“Seasonal shifts account for part of the loss, but the shuttering of the economy severely exacerbated the situation. As the BLS report notes, 15.8 million people reported in December that they had been unable to work because their employer closed or lost business for reasons related to the pandemic, up one million from the previous month.

“The silver lining is that the economy can recover if given the chance. There is no substitute for letting people get back to work. Hopefully, as vaccinations accelerate, public officials will relent and let this happen.”

2020 Was Difficult. It Was Not the Worst Year Ever

It’s been a hard year, and I am hardly alone in being glad it’s almost over. But was 2020 the worst year ever? Over at Inside Sources, I argue it was not.

COVID-19 is a novel disease. No human caught it before 2019. Scientists created effective vaccines in about a year. By comparison, smallpox has been around since at least Ancient Egypt in the third century B.C. The earliest evidence of inoculation dates to 10th century China. That’s more than a thousand years between smallpox’s first appearance and its first effective treatment—for a disease with a 30 percent fatality rate. But inoculation was rarely practiced until the 18th century, so it didn’t help very many people for its first 900 years or so.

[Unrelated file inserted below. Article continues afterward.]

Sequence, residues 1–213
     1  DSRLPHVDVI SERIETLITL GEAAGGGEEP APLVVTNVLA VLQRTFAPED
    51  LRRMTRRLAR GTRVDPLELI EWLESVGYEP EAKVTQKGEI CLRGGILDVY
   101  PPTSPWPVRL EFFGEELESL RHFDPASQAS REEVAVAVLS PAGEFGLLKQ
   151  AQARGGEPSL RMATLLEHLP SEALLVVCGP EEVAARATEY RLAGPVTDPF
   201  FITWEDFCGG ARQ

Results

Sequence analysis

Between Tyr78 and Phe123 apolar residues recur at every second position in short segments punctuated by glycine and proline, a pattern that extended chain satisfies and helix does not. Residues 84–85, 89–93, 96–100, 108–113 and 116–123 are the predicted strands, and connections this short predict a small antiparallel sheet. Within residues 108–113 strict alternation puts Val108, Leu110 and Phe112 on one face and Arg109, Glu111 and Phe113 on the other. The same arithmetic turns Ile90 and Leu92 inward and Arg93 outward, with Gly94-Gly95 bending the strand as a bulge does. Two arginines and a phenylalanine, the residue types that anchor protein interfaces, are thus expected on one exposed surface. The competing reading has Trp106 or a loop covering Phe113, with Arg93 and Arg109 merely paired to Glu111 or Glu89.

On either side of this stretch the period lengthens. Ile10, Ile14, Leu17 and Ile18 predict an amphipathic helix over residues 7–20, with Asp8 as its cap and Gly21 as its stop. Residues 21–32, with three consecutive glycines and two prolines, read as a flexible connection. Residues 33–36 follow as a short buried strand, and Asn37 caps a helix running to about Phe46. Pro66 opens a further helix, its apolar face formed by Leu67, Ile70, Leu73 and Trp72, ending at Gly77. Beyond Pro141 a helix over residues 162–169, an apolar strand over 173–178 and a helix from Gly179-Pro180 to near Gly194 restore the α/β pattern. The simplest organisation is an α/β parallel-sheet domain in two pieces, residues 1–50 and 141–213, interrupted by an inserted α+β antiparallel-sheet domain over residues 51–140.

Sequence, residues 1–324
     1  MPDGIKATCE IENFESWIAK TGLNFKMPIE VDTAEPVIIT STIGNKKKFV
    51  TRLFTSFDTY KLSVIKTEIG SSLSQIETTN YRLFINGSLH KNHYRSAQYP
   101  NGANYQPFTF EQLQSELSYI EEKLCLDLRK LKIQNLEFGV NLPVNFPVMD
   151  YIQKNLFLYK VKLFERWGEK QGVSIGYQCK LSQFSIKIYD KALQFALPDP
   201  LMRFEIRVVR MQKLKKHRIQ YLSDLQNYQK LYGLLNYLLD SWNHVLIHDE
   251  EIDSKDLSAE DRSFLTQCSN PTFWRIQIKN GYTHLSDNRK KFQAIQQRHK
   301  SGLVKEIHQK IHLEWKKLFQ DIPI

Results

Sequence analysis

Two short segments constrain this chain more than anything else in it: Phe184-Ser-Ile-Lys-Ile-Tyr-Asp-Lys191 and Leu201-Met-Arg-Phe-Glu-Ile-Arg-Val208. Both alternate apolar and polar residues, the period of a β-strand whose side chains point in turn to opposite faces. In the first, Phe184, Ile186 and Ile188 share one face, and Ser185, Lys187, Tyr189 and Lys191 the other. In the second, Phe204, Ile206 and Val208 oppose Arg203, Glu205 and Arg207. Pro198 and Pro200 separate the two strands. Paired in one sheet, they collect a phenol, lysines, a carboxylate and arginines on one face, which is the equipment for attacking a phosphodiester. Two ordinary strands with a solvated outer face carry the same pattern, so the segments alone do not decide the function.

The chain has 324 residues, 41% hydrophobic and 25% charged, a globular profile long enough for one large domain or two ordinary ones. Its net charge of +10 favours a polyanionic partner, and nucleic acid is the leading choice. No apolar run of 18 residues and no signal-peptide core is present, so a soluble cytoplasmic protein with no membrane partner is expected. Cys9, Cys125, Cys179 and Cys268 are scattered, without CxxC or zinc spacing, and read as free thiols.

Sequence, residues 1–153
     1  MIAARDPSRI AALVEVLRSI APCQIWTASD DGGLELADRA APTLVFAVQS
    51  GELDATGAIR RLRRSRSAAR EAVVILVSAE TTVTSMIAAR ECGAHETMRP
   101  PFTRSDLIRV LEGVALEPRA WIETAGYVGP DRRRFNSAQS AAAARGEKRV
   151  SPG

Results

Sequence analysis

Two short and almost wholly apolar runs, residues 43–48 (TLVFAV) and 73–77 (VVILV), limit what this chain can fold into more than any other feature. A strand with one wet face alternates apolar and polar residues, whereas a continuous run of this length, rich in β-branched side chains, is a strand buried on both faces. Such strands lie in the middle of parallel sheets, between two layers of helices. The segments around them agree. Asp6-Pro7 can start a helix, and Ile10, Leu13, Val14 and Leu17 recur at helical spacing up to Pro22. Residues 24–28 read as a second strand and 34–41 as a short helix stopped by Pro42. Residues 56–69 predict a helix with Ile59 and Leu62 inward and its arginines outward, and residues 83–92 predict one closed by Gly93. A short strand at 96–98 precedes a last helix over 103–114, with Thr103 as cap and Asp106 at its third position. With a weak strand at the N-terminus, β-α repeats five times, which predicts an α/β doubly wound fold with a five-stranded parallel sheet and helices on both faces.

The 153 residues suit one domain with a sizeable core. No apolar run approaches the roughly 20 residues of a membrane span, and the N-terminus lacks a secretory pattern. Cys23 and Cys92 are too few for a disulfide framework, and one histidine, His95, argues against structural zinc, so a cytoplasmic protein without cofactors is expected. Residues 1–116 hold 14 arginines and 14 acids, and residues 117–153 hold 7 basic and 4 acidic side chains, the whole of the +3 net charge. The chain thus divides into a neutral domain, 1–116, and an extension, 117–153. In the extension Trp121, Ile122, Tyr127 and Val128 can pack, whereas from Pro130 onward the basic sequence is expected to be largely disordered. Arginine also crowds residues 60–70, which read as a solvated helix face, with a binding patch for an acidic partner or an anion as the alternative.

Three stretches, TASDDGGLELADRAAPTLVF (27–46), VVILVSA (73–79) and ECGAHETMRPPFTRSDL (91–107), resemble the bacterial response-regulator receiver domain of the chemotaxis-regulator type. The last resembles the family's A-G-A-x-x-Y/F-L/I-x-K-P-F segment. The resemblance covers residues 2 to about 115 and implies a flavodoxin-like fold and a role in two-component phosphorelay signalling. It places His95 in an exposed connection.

When Abigail Adams had her children inoculated in 1776, it was still a scary, new technology for most people. It was an act of courage for her to set a positive example like that. And it took an additional two centuries for smallpox to be eradicated altogether, in 1977. Our generation’s COVID timetable is unimaginably better than with which our ancestors had to deal.

Read the whole thing here.

It is important for us to learn the right lessons from our COVID-19 experience. We need cultural and political institutions that are open and adaptable. These will make us more resilient against future crises, and make it easier to apply new things we learn as quickly as possible. CEI scholars spent the better part of 2020 compiling these sorts of ideas, which you can find at Former CEI Julian Simon Award winner Johan Norberg offers further perspective in a recent piece in the UK’s Spectator.

The 2020 Election Actually Had Some Free-Market Victories